|published Monday, January 23, 2012 ||987 Views :: 0 Comments|
January 19, 2012
By The Associated Press
IDAHO FALLS, Idaho — An accident at the Idaho National Laboratory that exposed 16 employees to plutonium radiation could have been prevented, according to a new report from the U.S. Department of Energy.
Inadequate safety measures and ineffective training contributed to the November contamination and lab officials missed several opportunities to make changes, states a report released Wednesday by the Energy Department’s Office of Health, Safety and Security.
|published Monday, December 19, 2011 ||1619 Views :: 0 Comments|
ANA member Tom Carpenter and 2011 whistleblower awardee Dr. Walt Tamosaitis were interviewed on the Rachel Maddow show on December 15th. They discussed problems at the Waste Treatment Plant which is supposed to process millions of gallons of nuclear waste currently leaking underground in Washington State.
Visit msnbc.com for breaking news, world news, and news about the economy
|published Tuesday, May 17, 2011 ||3448 Views :: 1 Comments|
For immediate release: May 11, 2011
Contacts: Rachel MacNair, firstname.lastname@example.org; Ann Suellentrop, email@example.com
Some 4,959 KC voters have signed a petition to prohibit the city’s involvement in supporting production of parts for nuclear weapons and instead to recommend support for green-energy jobs. Putting the petitionon the Nov. 8 ballot requires 3,572 verified signatures.
The KC Peace Planters* will sponsor a news conference about the petitiontomorrow, May 12, in Ilus Davis Park at 9th and Locust at 12:30 p.m. The petition focuses on the new nuclear weapons plant being constructed on Mo. Hwy. 150 between Botts Road and Prospect Avenue, close to Grandview. The new plant is designed to replace the current Kansas City Plant at Bannister Federal Complex. After the news conference, the KC Peace Planters will march to City Hall to deliver the signed copies of the petition (see below).
|published Monday, January 03, 2011 ||2090 Views :: 1 Comments|
For immediate release Dec. 29, 2010
Contacts: Ann Suellentrop, 913-271-7925; Donna Hand, 608-921-9940; Wayne Knox, 678-575-2172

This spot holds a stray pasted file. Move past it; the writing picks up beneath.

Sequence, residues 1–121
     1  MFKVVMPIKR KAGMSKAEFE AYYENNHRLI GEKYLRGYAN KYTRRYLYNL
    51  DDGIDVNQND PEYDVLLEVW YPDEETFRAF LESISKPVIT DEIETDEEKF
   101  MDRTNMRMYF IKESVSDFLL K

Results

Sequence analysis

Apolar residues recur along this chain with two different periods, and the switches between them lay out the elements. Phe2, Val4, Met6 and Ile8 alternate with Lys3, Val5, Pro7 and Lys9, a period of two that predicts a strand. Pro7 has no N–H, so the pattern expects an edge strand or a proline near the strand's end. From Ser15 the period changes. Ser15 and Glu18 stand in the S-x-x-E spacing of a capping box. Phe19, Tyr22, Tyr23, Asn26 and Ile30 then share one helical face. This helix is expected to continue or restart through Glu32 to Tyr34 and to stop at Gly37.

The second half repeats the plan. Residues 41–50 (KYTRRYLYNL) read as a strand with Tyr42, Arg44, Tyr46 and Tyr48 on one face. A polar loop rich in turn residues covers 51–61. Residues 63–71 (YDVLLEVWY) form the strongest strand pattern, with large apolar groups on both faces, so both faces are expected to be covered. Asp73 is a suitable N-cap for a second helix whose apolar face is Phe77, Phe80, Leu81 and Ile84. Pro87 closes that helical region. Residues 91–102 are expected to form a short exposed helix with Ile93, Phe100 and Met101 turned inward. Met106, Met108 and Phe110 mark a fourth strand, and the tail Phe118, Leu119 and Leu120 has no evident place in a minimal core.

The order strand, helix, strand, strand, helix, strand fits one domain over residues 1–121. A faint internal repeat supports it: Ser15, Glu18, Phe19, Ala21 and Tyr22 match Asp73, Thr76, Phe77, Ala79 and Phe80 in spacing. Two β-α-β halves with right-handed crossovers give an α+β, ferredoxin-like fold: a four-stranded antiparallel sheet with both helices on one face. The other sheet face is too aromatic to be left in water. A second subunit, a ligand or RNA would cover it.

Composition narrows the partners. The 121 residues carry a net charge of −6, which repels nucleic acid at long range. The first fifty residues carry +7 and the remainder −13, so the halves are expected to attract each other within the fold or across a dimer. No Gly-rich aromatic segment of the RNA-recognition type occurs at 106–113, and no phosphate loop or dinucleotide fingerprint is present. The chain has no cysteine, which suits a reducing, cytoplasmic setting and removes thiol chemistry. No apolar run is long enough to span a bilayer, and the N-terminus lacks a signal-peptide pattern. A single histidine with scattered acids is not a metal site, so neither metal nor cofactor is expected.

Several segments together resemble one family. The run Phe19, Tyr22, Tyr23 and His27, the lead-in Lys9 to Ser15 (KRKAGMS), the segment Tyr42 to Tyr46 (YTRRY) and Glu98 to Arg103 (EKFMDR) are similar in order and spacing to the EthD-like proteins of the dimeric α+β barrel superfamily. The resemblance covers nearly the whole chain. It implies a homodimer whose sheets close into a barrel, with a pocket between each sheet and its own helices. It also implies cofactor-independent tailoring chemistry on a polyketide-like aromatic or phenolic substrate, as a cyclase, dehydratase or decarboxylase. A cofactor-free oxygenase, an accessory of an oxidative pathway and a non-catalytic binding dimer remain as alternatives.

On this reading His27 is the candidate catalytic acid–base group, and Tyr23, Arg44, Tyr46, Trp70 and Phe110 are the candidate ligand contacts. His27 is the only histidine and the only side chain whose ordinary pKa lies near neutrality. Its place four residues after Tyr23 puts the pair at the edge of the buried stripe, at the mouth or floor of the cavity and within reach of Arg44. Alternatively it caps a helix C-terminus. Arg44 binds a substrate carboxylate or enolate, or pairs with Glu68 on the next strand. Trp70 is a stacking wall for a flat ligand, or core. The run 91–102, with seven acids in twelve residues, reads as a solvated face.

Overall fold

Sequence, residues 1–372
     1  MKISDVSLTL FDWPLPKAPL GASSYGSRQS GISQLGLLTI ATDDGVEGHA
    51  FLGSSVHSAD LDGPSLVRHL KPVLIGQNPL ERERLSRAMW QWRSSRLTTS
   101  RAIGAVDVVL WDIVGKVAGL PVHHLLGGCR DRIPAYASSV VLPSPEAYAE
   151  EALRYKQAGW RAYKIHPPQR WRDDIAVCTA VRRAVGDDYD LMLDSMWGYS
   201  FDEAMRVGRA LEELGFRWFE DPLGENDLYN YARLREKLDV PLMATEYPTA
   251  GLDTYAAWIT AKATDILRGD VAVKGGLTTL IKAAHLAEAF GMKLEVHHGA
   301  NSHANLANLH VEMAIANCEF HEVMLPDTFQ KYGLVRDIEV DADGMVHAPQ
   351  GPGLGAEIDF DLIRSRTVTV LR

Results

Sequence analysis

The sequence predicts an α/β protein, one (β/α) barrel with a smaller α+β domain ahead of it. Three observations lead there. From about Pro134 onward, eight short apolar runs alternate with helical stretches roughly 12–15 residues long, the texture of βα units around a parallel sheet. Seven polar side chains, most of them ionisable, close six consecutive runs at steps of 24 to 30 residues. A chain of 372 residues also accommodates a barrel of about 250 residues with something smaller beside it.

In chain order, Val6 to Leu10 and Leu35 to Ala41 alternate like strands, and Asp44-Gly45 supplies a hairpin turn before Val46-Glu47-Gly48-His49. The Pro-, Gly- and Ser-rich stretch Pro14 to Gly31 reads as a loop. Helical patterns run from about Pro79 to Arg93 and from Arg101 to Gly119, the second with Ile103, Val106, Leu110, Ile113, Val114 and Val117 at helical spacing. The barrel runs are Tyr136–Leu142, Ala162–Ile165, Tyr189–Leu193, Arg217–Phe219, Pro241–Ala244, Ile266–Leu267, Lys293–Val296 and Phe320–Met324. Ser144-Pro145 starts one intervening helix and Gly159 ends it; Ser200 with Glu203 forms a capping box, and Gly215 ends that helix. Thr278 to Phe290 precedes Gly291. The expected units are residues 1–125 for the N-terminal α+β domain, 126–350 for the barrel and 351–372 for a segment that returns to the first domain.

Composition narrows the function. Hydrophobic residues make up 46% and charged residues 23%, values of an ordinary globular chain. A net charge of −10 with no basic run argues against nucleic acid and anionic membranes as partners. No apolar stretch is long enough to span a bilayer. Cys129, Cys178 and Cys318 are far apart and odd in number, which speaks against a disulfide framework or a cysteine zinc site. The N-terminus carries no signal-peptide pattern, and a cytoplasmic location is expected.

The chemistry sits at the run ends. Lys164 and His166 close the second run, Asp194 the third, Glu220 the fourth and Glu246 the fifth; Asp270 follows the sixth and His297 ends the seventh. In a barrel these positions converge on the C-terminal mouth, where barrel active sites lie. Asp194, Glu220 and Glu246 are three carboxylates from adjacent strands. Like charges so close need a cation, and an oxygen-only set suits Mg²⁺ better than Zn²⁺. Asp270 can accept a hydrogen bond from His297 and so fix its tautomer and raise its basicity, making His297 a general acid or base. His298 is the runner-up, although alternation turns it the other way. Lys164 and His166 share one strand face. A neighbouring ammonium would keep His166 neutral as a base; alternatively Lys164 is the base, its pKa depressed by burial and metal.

That’s what’s dished up at town hall sessions and one-on-one consultations for current and former employees of Bannister Federal Complex (BFC) at Bannister and Troost. The workers say contaminants at the complex have made them and/or their family members sick, and they need help getting compensation from the federal government.
Help will be on tap at a town hall session sponsored by the KC Peace Planters* Jan. 8 at St. Paul School of Theology’s library, 1535 Van Brunt Dr., Kansas City, Mo., from 11:30 a.m. to 1 p.m. After the town hall, experts will give one-on-one consultations from 1:15 to 4 p.m. for the workers and family members of deceased workers.
|published Wednesday, April 21, 2010 ||3689 Views :: 2 Comments|
Tom Udall Leads Bipartisan Group in Introducing RECA Amendments Act of
2010: Bill Would Expand Relief for Americans Sickened by Radiation
WASHINGTON – U.S. Senator Tom Udall (D-NM) today led a
bipartisan group of senators in introducing the Radiation Exposure
Compensation Act (RECA) Amendments of 2010, which would provide expanded
restitution for Americans sickened from working in uranium mines or
living near atomic weapons tests.
Originally appeared as a press release on Senator Udall's website.
|published Thursday, January 14, 2010 ||1861 Views :: 0 Comments|
KC breaks silence about environment
By: Alexia Lang
Consider the silence broken in Kansas City.
hundred Kansas Citians gathered Jan. 8-9 at the Reardon Convention
Center in Kansas City, Kan. for the third annual Breaking the Silence
Organized by Building a Sustainable